Detecting outlier points WITHOUT clustering, if we know that the data points form clusters of size $>10$

I'm having a final exam on Data Warehouses and Data Mining (Computer Science bachelor), and the professor recommends some extra exercises on his web-page, as extra material for studying before the exam.

In them, lies the following exercise, among others:

In the following image, we can see three well-defined clusters and two outliers. Describe the application of a technique which will detect the outlier points without performing clustering, however knowing that all [non-outlier] points form clusters of size $>10$. Now, I don't know of any techniques that detect outliers without actually performing clustering, and I looked up the relevant chapters in the teaching book to see if any algorithms or techniques are described. I found a total of one (1!) pages, that briefly states:

To remove outliers, we calculate the sum of distances of a point towards all others. To calculate the distances, we can use Mahalanobis Distance.

After which, the writer of the book (also my class professor) casually lists the following result plot, with no explanation on how it was produced (note that the data in this plot are irrelevant from the exercise above, and are from an earlier book example): And that's it. It doesn't even list a formula or objective function to calculate Mahalanobis distance, which I had to look up on Wikipedia.

Apart from that, the exercise does not mention standard deviation, so the two prominent results I got from stats.stackexchange are of no use (this question and also this one).

I'm frustrated because this is supposed to be Exercise 2, which should mean "easy" and "introductionary", and should require a minimal description and effort to solve, but here I stand stumped.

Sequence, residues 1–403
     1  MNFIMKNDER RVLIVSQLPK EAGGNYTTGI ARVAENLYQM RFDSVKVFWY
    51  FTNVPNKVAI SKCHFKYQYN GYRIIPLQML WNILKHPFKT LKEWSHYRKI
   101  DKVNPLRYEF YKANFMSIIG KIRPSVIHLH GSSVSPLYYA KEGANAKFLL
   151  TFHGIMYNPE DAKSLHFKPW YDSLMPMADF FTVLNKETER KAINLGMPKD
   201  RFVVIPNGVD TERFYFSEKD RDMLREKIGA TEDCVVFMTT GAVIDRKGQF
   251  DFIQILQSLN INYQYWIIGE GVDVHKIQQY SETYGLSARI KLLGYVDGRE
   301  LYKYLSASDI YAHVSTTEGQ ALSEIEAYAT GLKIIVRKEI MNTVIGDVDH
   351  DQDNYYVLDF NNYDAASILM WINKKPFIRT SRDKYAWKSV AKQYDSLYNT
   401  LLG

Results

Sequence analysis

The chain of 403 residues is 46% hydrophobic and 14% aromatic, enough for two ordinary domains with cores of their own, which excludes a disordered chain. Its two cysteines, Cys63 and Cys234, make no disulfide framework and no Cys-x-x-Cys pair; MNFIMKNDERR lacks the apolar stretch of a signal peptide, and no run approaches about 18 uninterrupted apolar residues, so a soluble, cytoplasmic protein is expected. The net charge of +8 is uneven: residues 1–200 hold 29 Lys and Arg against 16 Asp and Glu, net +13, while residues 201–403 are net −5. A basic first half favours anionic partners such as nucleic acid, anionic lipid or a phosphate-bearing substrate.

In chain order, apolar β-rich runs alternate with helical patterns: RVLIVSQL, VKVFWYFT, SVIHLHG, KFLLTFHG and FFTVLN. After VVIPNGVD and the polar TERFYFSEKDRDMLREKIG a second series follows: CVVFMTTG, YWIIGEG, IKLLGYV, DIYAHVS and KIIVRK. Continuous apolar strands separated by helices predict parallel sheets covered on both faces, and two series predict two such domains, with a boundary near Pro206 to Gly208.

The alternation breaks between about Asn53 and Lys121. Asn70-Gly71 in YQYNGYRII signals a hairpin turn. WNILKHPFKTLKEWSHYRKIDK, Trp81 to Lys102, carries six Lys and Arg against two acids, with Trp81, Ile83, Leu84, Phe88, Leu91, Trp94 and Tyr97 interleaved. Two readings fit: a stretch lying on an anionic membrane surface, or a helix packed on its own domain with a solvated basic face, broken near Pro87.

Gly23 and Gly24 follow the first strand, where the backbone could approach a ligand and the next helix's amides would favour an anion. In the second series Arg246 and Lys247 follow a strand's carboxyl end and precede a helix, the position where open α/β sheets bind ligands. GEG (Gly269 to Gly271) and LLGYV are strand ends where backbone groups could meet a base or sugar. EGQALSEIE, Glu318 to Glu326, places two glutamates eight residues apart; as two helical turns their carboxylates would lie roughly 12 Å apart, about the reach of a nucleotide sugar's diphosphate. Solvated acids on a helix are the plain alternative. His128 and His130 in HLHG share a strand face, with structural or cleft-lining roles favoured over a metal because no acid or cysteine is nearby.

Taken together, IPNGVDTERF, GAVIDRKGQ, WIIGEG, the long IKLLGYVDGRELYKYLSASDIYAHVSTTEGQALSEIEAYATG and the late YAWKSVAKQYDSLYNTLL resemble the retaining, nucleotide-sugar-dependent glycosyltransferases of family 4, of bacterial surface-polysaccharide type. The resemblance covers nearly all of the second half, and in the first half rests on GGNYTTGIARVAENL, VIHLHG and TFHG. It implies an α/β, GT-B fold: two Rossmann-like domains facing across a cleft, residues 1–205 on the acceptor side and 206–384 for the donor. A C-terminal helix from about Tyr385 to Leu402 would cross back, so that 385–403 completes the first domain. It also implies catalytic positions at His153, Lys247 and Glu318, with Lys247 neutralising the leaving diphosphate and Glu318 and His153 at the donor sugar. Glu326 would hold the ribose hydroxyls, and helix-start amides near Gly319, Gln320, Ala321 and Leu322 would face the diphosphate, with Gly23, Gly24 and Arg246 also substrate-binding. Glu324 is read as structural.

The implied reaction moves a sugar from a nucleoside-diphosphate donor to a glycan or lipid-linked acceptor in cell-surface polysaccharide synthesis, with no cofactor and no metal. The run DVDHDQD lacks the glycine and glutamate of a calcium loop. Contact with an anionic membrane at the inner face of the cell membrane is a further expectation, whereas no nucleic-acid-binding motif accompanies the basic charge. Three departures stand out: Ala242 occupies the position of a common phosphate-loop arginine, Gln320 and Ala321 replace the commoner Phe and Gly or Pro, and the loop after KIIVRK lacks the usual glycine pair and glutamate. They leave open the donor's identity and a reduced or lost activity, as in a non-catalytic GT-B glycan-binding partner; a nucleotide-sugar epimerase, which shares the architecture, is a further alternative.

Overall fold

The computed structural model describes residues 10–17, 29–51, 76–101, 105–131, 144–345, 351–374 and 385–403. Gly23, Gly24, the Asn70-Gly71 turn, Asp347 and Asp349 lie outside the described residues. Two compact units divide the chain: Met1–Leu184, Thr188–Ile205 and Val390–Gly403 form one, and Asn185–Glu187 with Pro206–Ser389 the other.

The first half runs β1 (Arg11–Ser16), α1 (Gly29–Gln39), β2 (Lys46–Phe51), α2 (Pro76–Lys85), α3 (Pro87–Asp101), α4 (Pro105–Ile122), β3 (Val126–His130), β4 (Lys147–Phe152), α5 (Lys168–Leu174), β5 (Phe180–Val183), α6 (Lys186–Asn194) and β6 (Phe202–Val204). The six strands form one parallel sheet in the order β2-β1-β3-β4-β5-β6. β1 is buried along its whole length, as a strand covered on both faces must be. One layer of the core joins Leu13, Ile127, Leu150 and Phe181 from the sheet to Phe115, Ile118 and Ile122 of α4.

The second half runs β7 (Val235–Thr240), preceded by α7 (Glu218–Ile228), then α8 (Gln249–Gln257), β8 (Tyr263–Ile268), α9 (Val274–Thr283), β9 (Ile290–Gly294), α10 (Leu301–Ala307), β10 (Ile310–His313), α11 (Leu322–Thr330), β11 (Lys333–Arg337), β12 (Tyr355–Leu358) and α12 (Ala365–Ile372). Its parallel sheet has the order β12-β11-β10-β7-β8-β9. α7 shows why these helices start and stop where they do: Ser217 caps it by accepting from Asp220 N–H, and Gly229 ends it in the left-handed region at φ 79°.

Does anyone know of any algorithms that do this, relevant to us knowing in-advance that the points form clusters of $size>10$? Any help or pointers towards the right direction would be greatly appreciated. My first thoughts was to describe applying k-means or DBSCAN, but these are actual clustering techniques, and the exercise calls for just outlier detection without clustering.

• Hint: What does the distribution of the nearest-neighbor distance look like? – whuber Jun 9 '18 at 21:17
• @whuber For every object, I could 1) Calculate the distance of it from all others 2) Find the 10 Minimums 3) Store them as outlier_scores. Yes, the two "real" outliers in the graph are going to have huge outlier_scores when compared to every other object, but how can I correctly generalize and say "Yeah their outlier_scores is x times bigger, therefore they're outliers" ? – Dimitris S. Jun 9 '18 at 22:38
• For each object, compute the distance to its nearest neighbor. Draw a picture of the distribution of these numbers: the presence of the outliers will be abundantly clear--and no "clustering" is involved in this process. – whuber Jun 10 '18 at 16:33
• @whuber Thank you. Would I also be correct in thinking that a better pointer of being an outlier or not would be a sum/average of the distances to the 10 closest neighbors, not just one? – Dimitris S. Jun 10 '18 at 20:37
• The problem with that characterization is that "10" was derived from your visual assessment of clustering. The distribution of nearest-neighbor distances identifies outliers regardless of what value you take as the threshold. – whuber Jun 10 '18 at 23:36